Black Tooth Grin: The High Life, Good Times, and Tragic End of 'Dimebag' Darrell Abbott
Reviewed by Austin Powell, Fri., July 17, 2009
Black Tooth Grin: The High Life, Good Times, and Tragic End of 'Dimebag' Darrell Abbottby Zac Crain
Da Capo Press, 336 pp., $15.95 (paper)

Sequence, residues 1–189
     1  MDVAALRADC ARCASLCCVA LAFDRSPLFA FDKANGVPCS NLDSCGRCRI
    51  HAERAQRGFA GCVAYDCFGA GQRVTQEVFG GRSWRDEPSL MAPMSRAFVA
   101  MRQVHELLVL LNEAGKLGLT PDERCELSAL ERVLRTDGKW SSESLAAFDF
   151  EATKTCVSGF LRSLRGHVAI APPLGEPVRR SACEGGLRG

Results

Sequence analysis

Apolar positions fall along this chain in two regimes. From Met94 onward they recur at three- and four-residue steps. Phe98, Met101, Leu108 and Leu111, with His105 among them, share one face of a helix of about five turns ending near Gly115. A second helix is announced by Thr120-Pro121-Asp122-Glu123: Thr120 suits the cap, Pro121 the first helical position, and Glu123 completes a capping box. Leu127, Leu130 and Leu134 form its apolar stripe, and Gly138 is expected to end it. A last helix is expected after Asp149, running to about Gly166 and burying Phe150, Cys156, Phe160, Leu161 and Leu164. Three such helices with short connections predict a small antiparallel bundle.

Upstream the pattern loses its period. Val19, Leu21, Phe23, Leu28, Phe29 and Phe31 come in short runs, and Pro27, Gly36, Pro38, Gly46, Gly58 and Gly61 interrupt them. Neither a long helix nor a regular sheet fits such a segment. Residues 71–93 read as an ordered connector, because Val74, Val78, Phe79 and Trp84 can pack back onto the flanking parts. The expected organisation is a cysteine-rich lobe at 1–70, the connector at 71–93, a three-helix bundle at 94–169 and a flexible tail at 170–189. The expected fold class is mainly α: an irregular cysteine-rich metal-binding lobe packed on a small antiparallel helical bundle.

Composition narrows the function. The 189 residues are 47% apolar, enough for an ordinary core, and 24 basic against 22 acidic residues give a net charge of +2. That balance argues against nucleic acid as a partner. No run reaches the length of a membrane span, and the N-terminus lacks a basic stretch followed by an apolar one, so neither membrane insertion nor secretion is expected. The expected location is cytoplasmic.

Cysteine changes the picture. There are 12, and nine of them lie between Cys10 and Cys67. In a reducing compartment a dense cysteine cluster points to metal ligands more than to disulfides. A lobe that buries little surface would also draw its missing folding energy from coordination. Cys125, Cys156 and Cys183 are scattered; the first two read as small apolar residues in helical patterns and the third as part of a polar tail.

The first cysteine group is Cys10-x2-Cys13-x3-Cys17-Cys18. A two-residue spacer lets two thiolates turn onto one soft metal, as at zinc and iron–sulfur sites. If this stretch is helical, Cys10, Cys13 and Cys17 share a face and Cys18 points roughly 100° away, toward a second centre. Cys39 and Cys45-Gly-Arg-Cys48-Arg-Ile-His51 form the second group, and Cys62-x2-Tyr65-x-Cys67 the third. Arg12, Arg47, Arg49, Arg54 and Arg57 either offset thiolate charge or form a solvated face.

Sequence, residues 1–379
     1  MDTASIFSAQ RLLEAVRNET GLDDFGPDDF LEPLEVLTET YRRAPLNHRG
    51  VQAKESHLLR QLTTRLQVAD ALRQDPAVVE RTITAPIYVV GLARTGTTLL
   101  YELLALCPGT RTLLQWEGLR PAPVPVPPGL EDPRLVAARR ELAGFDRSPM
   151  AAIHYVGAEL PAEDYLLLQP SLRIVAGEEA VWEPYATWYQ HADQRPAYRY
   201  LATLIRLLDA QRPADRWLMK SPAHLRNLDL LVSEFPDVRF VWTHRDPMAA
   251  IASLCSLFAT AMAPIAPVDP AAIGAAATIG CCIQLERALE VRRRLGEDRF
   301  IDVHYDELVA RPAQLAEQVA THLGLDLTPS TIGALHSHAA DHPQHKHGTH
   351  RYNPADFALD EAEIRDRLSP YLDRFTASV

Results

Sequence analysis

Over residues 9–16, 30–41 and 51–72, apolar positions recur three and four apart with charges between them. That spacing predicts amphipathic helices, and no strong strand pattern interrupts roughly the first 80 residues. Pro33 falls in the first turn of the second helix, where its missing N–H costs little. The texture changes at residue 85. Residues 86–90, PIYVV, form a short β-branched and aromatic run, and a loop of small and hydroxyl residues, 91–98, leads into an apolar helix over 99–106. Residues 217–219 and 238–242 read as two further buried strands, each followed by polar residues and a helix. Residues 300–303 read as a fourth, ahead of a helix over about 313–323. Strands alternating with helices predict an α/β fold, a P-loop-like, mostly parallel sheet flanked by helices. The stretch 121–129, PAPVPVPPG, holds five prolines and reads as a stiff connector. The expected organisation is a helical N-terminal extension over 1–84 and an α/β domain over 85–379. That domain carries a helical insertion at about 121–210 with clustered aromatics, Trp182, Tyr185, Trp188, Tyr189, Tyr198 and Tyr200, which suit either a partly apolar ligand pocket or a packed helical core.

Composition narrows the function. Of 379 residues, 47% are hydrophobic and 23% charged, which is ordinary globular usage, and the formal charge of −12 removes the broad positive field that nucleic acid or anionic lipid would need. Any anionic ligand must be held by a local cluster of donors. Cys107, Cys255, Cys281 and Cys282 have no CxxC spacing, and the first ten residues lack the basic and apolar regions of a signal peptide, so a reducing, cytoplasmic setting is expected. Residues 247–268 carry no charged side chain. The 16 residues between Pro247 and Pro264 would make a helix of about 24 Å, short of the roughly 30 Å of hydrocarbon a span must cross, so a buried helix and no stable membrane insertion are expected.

On Dec. 8, 2004, Arlington-born "Dimebag" Darrell Abbott was shot five times and killed onstage while performing with his band Damageplan at Alrosa Villa, a small club in Columbus, Ohio, by Nathan Gale, a delusional former Marine. The horrific slaying, which Disturbed's David Draiman once deemed "the 9/11 of heavy metal," accounts for 28 pages (including the introduction) of Black Tooth Grin, the first book from Zac Crain. The other pages translate into grave-robbing of the worst kind, where "unauthorized" biography means "no pertinent interviews with surviving band members" or even Abbott's father, Jerry, who produced Pantera's first four albums. Worse, it's only through Abbott's unnerving death that Crain, a former music editor at the Dallas Observer, finds significance in the guitarist's life. The book glazes over Abbott's personal transition from "Diamond" to "Dimebag," mirroring Pantera's evolution from a Texas imitation of Van Halen to certified Platinum Cowboys From Hell, while Crain's lack of insight, heavy-handed repetition (such as how Abbott was killed the same day as John Lennon), and laughable Guitar Hero verbiage makes the whole thing simply unbearable. Drink this away with a Black Tooth Grin – whiskey with a dash of coke.